(Taiwan, 1971) is a writer and essayist with Malaysian roots. His globally successful debut novel The Harmony Silk Factory was translated into more than twenty languages and won renowned literary prizes. His second book, Map of the Invisible World (2009) was also an instant international success. Both books deal with Asia's recent colonial past. The second novel is partly set in the turbulent 1960s in Indonesia; his characters make tangible the effects that political decisions can have on ordinary people. Subsequently, Aw published the novels Five Star Billionaire (2013) and We, the Survivors (2019), as well as the non-fiction book The Face: Strangers on a Pier (2016), in which he explores modern Asia through his own family story of migration and adaptation.(WU2024)
Archive available for: Tash Aw
Where do we belong? One of the most fundamental questions of humanity. A question writers have been asking themselves for years. The many different answers to this are an important part of our literature and heritage.
We found the perfect authors to reflect on this big question: Alejandra Ortiz and Aminatta Forna. Where to Belong is a theme that returns in various ways in their publications, books and essays, and touches on important themes such as identity, gender and migration.
Alejandra Ortiz and Aminatta Forna wrote down their thoughts on this subject in advance and presented their stories during the event. An interactive talk followed, led by host Shantie Singh.
Writers tell us about their favourite book: the book that inspires or touches them, that set their artistic, moral or intellectual compass. In short, the book they would recommend to everyone. Interview: Hassnae Bouazza.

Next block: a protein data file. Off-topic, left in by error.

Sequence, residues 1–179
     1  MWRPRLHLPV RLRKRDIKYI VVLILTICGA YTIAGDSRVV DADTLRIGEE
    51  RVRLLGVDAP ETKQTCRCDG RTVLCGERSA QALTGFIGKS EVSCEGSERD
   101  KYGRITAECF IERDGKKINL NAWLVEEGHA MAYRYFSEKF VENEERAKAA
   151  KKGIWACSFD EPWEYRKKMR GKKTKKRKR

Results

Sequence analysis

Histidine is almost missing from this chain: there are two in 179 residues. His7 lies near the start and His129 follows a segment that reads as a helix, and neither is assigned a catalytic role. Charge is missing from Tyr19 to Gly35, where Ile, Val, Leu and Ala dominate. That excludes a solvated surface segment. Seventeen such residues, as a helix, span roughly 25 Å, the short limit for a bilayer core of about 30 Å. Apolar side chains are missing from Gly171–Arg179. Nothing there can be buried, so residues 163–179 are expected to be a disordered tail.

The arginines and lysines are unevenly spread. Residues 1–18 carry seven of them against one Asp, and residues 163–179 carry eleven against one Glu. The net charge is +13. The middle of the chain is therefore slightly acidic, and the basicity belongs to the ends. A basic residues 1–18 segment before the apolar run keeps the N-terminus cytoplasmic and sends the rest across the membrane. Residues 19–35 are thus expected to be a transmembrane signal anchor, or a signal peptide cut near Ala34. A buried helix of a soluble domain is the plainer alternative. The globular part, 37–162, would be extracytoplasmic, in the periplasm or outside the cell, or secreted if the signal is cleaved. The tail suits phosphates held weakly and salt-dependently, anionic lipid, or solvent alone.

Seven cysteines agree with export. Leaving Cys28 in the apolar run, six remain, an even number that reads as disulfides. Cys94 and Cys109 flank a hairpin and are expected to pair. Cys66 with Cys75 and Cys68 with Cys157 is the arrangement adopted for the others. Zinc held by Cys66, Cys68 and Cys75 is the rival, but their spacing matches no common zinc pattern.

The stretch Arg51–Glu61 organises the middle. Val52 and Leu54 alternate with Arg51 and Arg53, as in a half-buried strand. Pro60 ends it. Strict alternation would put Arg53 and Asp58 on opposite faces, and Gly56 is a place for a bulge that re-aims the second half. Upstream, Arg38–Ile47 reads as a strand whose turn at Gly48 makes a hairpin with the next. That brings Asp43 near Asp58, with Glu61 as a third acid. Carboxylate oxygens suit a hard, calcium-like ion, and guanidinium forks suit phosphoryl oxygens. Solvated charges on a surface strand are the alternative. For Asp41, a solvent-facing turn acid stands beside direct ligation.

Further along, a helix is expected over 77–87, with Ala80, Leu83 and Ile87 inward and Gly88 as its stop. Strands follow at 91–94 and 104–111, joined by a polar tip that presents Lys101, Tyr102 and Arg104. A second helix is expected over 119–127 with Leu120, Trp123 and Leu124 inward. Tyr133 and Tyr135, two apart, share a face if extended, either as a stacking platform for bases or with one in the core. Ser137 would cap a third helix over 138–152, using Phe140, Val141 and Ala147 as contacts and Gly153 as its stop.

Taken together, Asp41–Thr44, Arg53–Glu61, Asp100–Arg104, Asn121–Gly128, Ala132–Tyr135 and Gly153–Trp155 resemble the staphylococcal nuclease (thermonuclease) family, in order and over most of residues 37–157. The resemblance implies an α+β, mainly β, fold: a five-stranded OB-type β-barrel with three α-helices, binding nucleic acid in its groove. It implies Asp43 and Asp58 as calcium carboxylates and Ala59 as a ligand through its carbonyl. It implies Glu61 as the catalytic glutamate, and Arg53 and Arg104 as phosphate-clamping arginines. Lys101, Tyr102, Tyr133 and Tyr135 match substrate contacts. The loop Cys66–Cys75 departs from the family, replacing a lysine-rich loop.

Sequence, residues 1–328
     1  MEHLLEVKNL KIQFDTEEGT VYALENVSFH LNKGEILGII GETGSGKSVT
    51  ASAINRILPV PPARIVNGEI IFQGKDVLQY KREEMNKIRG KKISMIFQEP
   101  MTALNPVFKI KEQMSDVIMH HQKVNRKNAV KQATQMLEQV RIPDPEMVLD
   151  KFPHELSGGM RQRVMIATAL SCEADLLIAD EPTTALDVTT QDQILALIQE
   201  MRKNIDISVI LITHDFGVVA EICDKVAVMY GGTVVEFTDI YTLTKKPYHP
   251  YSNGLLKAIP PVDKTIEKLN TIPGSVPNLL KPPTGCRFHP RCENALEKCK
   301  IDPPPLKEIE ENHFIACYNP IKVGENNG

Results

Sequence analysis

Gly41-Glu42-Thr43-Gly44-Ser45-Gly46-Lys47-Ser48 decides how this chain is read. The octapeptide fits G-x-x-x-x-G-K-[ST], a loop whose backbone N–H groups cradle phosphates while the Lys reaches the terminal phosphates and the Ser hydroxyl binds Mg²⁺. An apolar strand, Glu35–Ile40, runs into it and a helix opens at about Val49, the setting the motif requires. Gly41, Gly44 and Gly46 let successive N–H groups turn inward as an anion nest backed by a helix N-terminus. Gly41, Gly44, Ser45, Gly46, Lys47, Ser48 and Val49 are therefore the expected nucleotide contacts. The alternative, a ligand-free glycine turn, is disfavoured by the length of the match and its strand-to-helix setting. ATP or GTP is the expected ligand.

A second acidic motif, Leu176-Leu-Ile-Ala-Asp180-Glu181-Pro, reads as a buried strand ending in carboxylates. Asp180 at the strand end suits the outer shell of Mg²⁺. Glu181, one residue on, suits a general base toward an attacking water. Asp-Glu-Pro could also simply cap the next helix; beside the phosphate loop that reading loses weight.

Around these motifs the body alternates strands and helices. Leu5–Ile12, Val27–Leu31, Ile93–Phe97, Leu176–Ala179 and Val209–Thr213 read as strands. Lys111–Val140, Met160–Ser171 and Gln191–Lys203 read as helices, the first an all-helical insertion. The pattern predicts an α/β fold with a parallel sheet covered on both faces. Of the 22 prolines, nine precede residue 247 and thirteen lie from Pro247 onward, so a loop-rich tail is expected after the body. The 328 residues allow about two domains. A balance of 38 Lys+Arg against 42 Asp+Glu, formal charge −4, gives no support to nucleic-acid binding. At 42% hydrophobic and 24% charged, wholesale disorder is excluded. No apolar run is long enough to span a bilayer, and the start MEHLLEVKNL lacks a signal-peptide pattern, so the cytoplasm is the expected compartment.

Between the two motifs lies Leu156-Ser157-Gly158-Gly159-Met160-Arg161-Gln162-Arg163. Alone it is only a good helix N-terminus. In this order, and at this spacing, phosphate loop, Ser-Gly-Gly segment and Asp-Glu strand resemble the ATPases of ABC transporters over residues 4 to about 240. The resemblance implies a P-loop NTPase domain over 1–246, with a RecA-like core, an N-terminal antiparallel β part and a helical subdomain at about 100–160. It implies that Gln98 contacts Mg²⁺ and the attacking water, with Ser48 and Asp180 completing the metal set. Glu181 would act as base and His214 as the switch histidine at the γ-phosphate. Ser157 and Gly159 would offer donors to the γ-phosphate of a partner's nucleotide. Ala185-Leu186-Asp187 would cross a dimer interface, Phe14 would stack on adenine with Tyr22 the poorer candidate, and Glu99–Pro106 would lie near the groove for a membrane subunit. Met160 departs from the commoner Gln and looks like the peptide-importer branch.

Tash Aw chose as his favorite Giovanni's Room, the 1956 novel by James Baldwin. The book focuses on the events in the life of an American man living in Paris and his feelings and frustrations with his relationships with other men in his life, particularly an Italian bartender named Giovanni whom he meets at a Parisian gay bar.
Whether literature offers solace or confusion, whether it shows the way or disorders, every writer must have been moved in the course of his or her life by a passage, a line, an image or a poem which gave direction to his or her life. Was it a boys' book? A text on a tile? A column? Or rather that highly valued, often quoted passage from world literature? Jonathan Safran Foer, Tash Aw, Ramsey Nasr, Joke van Leeuwen and Petina Gappah read those passages that changed their lives for good, and reveal what happened to them when they read those lines for the first time. The programme starts with a reading from his work by the Iranian author Shahriar Mandanipour.
The Malaysian writer Tash Aw and the Indonesian journalist Andreas Harsono talk about Indonesia as a country of purely outsiders. The characters in Aw's latest novel, Map of the Invisible World, all belong in Indonesia, while being outsiders at the same time. Aw's first novel, The Harmony Silk Factory also was on outsider, but then it dealt with the position of the Chinese in Southeast Asia. Non-fiction writer Andreas Harsono works as a journalist in Indonesia, and in addition writes for a Malaysian paper. He is busy writing a book with the meaningful title A Nation in Name: Debunking the Myth of Indonesian Nationalism. In the discussion we take the year 1964 in Aw's novel as a starting-point, the year in which Indonesia balanced on the verge of civil war. From there the writers, travelling through time, look at the country with the eyes of outsiders. Who was an outsider, and when? How did they view Indonesia? What does it look like now: who are the outsiders today, and who is 'within'? Host: VPRO radio journalist Paul van der Gaag. In English